Stroke Associated with Decline in Cognitive Function

In a study conducted with 24,000 participants, it was found that those who experienced a stroke had an acute decline in cognitive function as well as accelerated and persistent cognitive decline over 6 years. Details of the study have been published in JAMA.
Approximately 795,000 people in the US experience a stroke each year. In 2010 alone, there were 7 million adult stroke survivors. While cognitive decline is a major cause of disability, the magnitude of cognitive changes among survivors remains uncertain. 
In this study, Deborah A. Levine, M.D., M.P.H., of the University of Michigan Medical School and Ann Arbor VA Health System, and colleagues examined the changes in cognitive function among survivors of incident stroke, controlling for their pre-stroke cognitive trajectories. The study included 23,572 U.S. participants 45 years or older without cognitive impairment at study entry (2003-2007), and followed up through March 2013. Over a median follow-up of 6.1 years, 515 participants (306 white, 209 black) survived incident stroke and 23,057 remained stroke free. 

The findings of the study showed that compared to the pre-stroke rate, survivors had a faster rate of incident cognitive impairment after stroke. Incident stroke was also found to be associated with accelerated and persistent declines in global cognition and executive function when compared before and after the event. Moreover, survivors had acute declines in new learning and verbal memory after stroke but no acceleration of pre-stroke rates of change in these functions.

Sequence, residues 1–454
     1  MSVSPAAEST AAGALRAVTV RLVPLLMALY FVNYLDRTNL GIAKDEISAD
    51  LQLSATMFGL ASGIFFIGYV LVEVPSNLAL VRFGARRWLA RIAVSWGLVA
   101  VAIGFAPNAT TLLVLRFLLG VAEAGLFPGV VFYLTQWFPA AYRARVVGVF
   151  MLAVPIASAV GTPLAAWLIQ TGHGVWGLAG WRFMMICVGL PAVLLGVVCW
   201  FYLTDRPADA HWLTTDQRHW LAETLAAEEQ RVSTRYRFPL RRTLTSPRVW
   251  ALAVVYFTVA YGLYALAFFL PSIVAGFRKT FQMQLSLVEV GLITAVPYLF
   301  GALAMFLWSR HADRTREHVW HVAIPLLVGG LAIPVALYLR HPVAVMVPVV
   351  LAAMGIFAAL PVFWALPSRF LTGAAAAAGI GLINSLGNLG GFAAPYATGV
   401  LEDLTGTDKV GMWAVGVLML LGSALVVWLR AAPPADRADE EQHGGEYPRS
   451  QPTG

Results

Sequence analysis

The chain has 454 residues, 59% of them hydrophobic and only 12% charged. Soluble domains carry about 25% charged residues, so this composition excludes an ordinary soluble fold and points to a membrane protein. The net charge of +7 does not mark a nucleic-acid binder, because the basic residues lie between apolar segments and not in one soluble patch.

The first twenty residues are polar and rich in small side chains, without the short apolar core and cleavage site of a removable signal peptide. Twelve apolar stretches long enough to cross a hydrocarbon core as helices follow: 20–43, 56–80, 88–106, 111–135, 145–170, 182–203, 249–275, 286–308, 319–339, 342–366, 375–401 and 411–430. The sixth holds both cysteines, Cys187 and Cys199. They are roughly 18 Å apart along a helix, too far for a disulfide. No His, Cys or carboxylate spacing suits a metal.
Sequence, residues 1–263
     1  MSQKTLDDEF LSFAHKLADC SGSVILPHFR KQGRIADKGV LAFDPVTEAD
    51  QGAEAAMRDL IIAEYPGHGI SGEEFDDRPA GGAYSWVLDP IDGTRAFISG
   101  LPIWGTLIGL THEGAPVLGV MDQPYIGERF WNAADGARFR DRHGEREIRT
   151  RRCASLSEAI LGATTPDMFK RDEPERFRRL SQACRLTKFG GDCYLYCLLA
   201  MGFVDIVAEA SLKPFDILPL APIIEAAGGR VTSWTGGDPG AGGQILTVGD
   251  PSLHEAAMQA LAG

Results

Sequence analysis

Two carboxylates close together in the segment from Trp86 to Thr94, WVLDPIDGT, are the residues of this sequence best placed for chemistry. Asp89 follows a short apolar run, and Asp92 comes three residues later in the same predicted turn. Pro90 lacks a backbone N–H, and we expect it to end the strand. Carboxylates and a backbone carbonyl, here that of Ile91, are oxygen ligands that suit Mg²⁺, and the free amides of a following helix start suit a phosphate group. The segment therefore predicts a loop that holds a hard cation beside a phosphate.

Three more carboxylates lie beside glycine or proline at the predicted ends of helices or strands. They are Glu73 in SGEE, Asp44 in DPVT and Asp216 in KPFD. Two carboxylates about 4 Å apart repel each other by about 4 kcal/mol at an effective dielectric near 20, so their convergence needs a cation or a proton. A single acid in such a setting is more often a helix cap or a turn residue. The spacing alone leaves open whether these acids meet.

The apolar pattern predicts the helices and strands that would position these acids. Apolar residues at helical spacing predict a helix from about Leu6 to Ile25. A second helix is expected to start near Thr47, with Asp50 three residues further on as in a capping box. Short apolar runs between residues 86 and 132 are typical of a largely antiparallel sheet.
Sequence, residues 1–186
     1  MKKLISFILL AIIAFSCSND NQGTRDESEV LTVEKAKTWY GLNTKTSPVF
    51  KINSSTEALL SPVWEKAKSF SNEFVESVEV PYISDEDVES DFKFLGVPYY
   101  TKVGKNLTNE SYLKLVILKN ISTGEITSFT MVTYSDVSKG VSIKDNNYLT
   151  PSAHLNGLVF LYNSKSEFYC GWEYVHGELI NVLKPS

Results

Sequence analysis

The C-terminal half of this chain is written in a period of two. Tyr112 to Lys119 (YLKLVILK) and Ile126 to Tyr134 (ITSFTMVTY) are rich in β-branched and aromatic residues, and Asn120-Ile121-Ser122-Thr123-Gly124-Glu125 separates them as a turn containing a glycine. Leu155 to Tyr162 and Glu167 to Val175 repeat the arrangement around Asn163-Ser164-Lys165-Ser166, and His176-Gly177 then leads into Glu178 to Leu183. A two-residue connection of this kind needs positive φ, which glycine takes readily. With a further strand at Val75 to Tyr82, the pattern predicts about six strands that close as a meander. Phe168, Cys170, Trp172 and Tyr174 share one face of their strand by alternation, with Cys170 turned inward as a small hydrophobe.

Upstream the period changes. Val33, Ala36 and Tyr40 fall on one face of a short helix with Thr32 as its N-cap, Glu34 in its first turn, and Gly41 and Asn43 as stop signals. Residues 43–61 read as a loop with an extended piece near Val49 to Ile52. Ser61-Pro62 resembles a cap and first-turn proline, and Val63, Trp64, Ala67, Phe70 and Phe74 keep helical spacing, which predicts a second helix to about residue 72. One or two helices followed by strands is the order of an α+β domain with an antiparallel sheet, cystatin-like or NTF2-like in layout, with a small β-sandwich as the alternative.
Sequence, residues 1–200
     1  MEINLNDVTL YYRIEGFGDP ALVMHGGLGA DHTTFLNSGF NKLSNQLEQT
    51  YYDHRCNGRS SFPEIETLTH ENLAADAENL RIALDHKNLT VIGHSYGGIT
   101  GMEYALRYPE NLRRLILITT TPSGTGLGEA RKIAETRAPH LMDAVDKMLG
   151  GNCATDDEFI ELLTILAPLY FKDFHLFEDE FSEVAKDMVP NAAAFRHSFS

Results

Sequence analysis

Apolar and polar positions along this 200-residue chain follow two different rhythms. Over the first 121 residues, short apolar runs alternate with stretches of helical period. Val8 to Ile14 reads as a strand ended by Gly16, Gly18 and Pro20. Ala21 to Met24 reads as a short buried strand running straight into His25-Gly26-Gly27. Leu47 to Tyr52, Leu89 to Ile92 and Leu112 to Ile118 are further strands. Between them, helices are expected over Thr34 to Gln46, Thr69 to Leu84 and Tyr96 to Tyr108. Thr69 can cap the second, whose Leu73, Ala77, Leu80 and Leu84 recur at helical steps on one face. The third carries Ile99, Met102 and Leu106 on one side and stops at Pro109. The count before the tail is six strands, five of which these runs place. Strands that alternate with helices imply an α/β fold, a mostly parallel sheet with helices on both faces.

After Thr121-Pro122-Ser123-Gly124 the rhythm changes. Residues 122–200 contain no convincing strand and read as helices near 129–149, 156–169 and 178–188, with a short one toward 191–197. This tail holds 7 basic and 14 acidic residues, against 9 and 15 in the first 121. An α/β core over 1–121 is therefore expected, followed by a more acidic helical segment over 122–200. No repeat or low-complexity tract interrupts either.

This study could have potential implications for clinical practice, research and healthcare policy as pointed out by the authors. The results suggest that stroke survivors should be monitored for cognitive impairment after the event. 

“Our results suggest that long-term cognitive dysfunction is a potential domain for evaluating acute stroke therapies. As adults increasingly survive stroke, cases of post-stroke cognitive impairment will multiply. Given that post-stroke cognitive impairment increases mortality, morbidity, and health care costs, health systems and payers will need to develop cost-effective systems of care that will best manage the long-term needs and cognitive problems of this increasing and vulnerable stroke survivor population.”

In an accompanying editorial, Philip B. Gorelick, M.D., M.P.H., and David Nyenhuis, Ph.D., of the Michigan State University College of Human Medicine, Grand Rapids also state that clinicians need to remain alert for the presence of clinically manifest stroke or silent stroke as these could indicate future complications such as recurrent stroke, cognitive impairment, and disability.

Cognitive screening could provide information that would help plan the daily management of such patients based on their cognitive performance. It would also highlight the need for formal neuropsychological testing. Steps could be taken to prevent subsequent stroke, myocardial infarction, loss of cognitive vitality, and overall disability.

Source: JAMA
Image Credit: Wikimedia Commons 

Published on : Tue, 7 Jul 2015

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stroke, cognitive decline, cognitive function, cognitive vitality, MI, disability In a study conducted with 24,000 participants, it was found that those who experienced a stroke had an acute decline in cognitive function as well as accelerated and persistent cognitive decline over 6 years.

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